DWDM will be vital for mobile network operators as the capacity needed in cell towers soars with the new 5G architectures. Tunable DWDM SFP+ transceivers can handle this increased optical traffic, but operators often regard traditional full-band tunable modules as expensive for this application. Mobile fronthaul links don't need all the 40-80 channels of a full-band transceiver. It's like having a cable subscription in which you only watch 10 out of the 80 TV channels.

Therefore, an alternative approach is to develop narrow-band DWDM transceivers with just eight channels. They offer an alternative that enables a more affordable and moderate capacity expansion. Photonic integration and packaging advances now enable modules that can help scale mobile access networks cost-effectively. With these modules, operators can reduce inventory compared to grey transceivers while avoiding the cost of a full-band transceiver.

Overall, narrow-band tunable transceivers will fit applications in areas of the network that need relatively low-density aggregation.

Synergy with self-tuning algorithms

The enormous number of channels in a tunable module (up to 100 in the case of top-of-the-line full-band modules) can quickly become overwhelming for technicians in the field. There will be more records to examine, more programming for tuning equipment, more trucks to load with tuning equipment, and more verifications to do in the field. These tasks can take a couple of hours just for a single node. If there are hundreds of nodes to install or repair, the required hours of labor will quickly rack up into the thousands and the associated costs into hundreds of thousands. Self-tuning modules play a significant role in overcoming these issues and making network deployment and maintenance more straightforward and more affordable.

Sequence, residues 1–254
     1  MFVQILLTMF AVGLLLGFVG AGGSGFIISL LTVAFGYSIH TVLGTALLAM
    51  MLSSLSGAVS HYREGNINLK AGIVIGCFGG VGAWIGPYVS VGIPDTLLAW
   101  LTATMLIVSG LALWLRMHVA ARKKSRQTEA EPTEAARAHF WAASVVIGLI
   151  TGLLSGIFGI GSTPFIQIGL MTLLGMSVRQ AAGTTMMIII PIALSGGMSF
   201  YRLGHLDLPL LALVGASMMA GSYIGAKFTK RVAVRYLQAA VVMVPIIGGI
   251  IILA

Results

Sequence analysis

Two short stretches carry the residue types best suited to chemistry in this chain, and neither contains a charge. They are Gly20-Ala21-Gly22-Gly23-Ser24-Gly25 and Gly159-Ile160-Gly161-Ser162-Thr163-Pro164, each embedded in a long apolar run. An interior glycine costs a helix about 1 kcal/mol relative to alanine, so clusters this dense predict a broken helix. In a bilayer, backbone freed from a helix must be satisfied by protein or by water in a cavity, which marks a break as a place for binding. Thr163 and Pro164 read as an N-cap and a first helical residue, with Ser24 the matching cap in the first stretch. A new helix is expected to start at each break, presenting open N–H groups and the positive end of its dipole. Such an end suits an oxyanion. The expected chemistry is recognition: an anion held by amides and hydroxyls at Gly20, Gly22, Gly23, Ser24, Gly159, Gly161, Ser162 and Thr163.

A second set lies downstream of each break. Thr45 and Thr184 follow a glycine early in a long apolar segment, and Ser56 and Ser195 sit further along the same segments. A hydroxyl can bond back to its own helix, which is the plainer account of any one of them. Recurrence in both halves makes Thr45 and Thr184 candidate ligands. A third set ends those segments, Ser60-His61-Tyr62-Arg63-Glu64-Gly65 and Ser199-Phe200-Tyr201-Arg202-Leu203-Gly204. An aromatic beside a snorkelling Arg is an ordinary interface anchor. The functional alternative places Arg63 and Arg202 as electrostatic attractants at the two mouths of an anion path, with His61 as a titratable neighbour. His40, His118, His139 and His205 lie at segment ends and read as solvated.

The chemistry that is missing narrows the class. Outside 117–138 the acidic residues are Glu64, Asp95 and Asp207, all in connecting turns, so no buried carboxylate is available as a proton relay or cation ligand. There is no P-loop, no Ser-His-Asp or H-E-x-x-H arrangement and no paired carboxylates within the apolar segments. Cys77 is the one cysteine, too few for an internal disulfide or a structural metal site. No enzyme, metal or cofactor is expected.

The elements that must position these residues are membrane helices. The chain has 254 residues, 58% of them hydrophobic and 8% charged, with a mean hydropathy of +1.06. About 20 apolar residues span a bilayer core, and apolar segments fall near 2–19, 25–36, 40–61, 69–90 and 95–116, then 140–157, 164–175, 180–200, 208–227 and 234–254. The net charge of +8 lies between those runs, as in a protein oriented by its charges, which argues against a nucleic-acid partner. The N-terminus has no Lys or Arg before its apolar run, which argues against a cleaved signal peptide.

Self-tuning enables technicians to treat DWDM tunable modules the same way they treat grey transceivers. There is no need for additional training for technicians to install the tunable module. There is no need to program tuning equipment or obsessively check the wavelength records and tables to avoid deployment errors on the field. Technicians only need to follow the typical cleaning and handling procedures, plug in the transceiver, and the device will automatically scan and find the correct wavelength once plugged. This feature can save providers thousands of person-hours in their network installation and maintenance and reduce the probability of human errors, effectively reducing capital and operational expenditures.

Takeaways

Full-band self-tuning modules will enable providers to deploy extensive network upgrades more quickly than ever. However, in use cases such as mobile access networks where operators don’t need a wide array of DWDM channels, they can opt for narrow-band transceivers that are more affordable than their full-band alternatives. By combining full-band and narrow-band modules with self-tuning algorithms, operators can expand their networks in an affordable and accessible way.

JOOST VERBERK is director of product management at EFFECT Photonics. He has made his career in product management, working for ENGIE before joining EFFECT Photonics, where he leads the cross-functional product management team.

About the Author

Joost Verberk | Director of Product Management, EFFECT Photonics

Joost Verberk is director of product management at EFFECT Photonics. He has made his career in product management, working for ENGIE before joining EFFECT Photonics, where he leads the cross-functional product management team.